Heckedy Peg

Front Cover
Houghton Mifflin Harcourt, 1987 - Juvenile Fiction - 32 pages
14 Reviews
Seven children named Monday, Tuesday, Wednesday, Thursday, Friday, Saturday, and Sunday; a witch who intrudes on the peace of their cottage; and a spell only the children's mother can break - these dramatic elements for a story that is both contemporary and timeless. Inspired by a sixteenth-century game still played by children today, this fresh and original story by Audrey Wood is certain to become a classic.
 

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LibraryThing Review

User Review  - Cheryl_in_CC_NV - LibraryThing

Read this years ago but didn't remember it well so decided to again. Glad I did. Powerfully gorgeous illustrations. Puzzle concept clever. Sense of story and text imperfect. After all, for example, if ... Read full review

LibraryThing Review

User Review  - Cheryl_in_CC_NV - LibraryThing

Read this years ago but didn't remember it well so decided to again. Glad I did. Powerfully gorgeous illustrations. Puzzle concept clever. Sense of story and text imperfect. After all, for example, if ... Read full review

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About the author (1987)

Audrey Wood was born in Sarasota Florida. When Wood was two, her family moved to Mexico to study art. Wood and her three sisters were tutored in music, dance, painting, and drama. She decided at a young age that she wanted to create children's picture books. Wood is one of four generations of artists in her family, and the only female artist. Wood began writing children's books seriously when her son was two years old. Her first book, 24 Robbers, was published in 1978. Wood and her husband, Don collaborate on many of Wood's picture books. The first book the two did together was called Moonflute.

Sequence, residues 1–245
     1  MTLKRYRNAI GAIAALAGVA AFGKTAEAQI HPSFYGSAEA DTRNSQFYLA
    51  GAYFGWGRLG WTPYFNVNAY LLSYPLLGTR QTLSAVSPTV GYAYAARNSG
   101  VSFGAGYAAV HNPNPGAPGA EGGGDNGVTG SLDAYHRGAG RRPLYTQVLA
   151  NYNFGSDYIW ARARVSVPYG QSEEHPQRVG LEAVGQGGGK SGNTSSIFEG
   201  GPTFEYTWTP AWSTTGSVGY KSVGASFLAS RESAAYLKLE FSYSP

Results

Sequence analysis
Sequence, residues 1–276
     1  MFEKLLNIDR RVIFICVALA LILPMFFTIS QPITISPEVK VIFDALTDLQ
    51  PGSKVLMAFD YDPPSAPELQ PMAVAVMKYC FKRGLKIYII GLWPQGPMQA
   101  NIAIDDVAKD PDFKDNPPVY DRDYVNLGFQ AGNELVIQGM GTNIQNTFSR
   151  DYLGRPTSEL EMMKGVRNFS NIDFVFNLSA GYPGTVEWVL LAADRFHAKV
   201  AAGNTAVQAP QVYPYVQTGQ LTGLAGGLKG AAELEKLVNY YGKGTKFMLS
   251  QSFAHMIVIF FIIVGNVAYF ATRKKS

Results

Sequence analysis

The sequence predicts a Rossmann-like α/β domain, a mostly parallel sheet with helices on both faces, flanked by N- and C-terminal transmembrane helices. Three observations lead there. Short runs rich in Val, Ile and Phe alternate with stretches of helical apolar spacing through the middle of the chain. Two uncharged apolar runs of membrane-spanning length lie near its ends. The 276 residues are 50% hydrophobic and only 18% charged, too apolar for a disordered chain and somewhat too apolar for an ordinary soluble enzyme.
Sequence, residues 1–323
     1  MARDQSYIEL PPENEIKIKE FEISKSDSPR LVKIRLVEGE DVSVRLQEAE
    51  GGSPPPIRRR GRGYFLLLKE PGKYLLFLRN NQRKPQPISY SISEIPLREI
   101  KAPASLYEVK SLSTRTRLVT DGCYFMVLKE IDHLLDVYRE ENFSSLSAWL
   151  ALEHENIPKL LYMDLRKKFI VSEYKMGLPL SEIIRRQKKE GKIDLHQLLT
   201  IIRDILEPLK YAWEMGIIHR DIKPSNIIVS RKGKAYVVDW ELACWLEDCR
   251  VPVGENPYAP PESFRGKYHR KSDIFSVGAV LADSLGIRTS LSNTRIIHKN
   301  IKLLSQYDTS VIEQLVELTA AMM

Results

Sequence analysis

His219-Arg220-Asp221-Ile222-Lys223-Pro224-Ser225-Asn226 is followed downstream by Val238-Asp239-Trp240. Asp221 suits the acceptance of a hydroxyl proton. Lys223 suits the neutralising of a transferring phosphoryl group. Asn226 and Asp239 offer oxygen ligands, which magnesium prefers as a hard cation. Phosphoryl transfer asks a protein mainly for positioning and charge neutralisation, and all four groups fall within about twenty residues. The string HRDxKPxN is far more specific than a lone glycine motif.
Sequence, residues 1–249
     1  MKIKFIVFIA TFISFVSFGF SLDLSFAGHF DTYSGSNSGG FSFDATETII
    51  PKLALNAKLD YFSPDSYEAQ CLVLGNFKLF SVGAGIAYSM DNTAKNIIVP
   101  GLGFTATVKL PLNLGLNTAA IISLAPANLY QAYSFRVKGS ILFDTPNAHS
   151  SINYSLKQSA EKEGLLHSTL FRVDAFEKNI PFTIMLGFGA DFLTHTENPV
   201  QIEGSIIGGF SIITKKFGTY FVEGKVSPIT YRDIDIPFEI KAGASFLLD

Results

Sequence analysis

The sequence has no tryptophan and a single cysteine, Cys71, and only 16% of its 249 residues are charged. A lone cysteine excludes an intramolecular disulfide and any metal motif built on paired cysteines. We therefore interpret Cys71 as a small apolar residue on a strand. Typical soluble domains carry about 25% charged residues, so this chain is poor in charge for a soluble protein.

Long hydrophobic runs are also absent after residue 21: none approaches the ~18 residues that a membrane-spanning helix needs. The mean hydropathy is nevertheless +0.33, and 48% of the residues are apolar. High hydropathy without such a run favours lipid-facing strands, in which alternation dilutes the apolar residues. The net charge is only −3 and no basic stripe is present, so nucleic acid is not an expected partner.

Don Wood was was born and raised on a farm in the great Central Valley of California. His family raised peaches, sweet potatos, almonds, grapes, and oranges. By the time Wood was in the sixth grade, he had forty acres of potatos to take care of by himself. During the summer, he and his brothers worked twelve to sixteen hour shifts, seven days a week. They were paid wages and were expected to pay for their own clothes and entertainment, and eventually, college educations. Wood knew by the sixth grade that he wanted to be an artist. Wood attended the University of California at Santa Barbara and did graduate work in art at the California College of Arts and Crafts. He was illustrating magazines when his wife Audrey decided to try her hand at writing children's picture books. They collaborated together on Moonflute and Wood enjoyed it so much that he has been illustrating kids books ever since.

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